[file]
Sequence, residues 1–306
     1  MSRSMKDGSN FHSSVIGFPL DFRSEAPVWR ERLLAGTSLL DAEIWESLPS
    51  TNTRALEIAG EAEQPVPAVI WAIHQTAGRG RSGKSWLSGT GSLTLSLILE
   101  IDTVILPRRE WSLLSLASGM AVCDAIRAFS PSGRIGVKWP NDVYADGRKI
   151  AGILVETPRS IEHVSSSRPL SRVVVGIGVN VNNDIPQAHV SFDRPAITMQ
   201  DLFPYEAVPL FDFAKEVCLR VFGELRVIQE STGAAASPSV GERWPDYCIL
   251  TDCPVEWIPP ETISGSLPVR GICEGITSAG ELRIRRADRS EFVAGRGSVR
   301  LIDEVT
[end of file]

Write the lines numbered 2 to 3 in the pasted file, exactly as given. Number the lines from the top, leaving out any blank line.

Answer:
     1  MSRSMKDGSN FHSSVIGFPL DFRSEAPVWR ERLLAGTSLL DAEIWESLPS
    51  TNTRALEIAG EAEQPVPAVI WAIHQTAGRG RSGKSWLSGT GSLTLSLILE